Let me ask you: Do you have days when you feel we are doomed as a species? That's every day, for our next guest.
When a successful Professor of Natural Resources, Ecology, and Evolutionary Biology left the University of Arizona, for his mud hut retreat, he probably didn't intend to stir up the world. But that's just what Guy McPherson has done. He's becoming a voice for the worst fears of many people. In fact, McPherson says climate change has gone so far, so fast, humans will become extinct before 2050.
Dr. McPherson makes his case, and offers ways to cope with the ultimate bad news, in a new book co-authored with psychologist Carolyn Baker. It's called "Extinction Dialogs: Living with Death in Mind". That's coming out this Fall.
Eventual human extinction may not be as impossible as it sounds. In addition to James Lovelock, two of the world's top scientists, Professor John Schullnhuber in Germany, and Dr. James Hansen, formerly of NASA, have worried we'll blow past any survivable limits to climate change. In a speech to the "4 Degrees of More" conference in Australia, Schullnhuber suggested that if we reach 4 degrees, the whole thing could easily slide to 8 degrees, which most of us would agree is beyond human tolerance. Hansen wondered if we might blow off the atmosphere altogether, as apparently happend on Mars. That possibility has since been discounted by other scientists.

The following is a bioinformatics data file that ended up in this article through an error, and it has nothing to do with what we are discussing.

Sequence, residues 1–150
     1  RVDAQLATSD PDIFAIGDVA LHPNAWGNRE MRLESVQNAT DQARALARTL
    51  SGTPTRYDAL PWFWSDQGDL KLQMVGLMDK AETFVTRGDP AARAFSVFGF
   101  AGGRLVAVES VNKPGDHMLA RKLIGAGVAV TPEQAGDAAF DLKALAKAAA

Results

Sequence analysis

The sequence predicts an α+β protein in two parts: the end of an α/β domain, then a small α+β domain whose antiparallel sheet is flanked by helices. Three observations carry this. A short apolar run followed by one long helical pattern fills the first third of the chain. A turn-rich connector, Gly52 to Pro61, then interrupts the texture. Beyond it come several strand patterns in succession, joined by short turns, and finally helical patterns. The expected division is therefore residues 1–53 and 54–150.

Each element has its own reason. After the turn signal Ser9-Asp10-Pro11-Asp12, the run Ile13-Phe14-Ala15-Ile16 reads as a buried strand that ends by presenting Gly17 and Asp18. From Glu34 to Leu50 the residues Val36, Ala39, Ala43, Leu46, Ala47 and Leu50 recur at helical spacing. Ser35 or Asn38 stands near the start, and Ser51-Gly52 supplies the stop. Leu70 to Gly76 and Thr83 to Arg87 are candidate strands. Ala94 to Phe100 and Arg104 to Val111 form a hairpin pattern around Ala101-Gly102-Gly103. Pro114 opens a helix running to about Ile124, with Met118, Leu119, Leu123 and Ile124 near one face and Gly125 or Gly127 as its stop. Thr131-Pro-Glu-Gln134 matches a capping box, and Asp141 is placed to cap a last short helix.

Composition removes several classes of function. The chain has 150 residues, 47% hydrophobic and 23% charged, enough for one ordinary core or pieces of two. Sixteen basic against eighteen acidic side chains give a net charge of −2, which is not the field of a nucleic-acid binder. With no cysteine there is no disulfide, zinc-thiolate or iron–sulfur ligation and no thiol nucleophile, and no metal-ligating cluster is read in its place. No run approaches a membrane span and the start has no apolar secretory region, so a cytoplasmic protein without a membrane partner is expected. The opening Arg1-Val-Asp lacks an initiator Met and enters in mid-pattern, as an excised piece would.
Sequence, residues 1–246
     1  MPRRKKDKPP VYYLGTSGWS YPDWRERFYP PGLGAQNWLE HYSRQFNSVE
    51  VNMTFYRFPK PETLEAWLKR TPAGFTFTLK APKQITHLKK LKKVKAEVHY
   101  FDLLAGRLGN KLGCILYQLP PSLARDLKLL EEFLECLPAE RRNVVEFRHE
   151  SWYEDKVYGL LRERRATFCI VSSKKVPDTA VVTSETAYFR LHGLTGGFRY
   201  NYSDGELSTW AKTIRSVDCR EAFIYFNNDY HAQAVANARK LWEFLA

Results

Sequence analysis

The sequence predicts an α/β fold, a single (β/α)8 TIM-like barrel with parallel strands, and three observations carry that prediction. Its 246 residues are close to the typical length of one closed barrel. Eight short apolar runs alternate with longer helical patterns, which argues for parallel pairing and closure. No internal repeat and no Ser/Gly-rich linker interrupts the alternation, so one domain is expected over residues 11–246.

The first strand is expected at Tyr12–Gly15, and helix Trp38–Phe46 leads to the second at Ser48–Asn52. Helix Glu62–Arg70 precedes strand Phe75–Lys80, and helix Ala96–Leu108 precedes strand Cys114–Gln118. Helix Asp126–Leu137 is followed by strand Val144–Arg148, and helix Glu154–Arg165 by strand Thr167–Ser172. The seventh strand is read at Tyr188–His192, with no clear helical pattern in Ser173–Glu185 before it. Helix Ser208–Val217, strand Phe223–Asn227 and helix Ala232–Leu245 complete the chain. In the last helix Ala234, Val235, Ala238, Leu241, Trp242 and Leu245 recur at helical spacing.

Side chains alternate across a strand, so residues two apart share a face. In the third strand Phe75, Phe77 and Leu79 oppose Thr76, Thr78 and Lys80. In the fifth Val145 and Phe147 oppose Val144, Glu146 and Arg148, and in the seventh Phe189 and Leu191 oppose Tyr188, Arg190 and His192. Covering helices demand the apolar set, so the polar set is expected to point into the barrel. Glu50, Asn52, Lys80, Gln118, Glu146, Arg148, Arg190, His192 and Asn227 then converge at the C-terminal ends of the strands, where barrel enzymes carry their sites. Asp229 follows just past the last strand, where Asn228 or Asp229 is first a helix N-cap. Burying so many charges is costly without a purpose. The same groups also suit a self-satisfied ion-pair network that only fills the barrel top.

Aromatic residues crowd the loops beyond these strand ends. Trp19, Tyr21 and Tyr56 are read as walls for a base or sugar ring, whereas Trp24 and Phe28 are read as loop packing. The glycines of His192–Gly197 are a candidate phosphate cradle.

Most of the big name scientists, other than James Lovelock, hedge their warnings with the idea that we could still save ourselves IF we mount a huge campaign to switch energy to renewable sources, and stop our carbon-wasting ways. Guy says it's too late for all that. We have already committed the Earth to a severe shift in climate, beyond the survival limits of not just our civilization, but of our species.
Let's find out why Guy McPherson thinks we are finished.
Download/listen to this Radio Ecoshock Show here:
Blog with links here: http://www.ecoshock.info/2014/09/near-term-human-extincton-making-case.html
Next week's program takes the other case, with voices who discount the possibility of humans going extinct.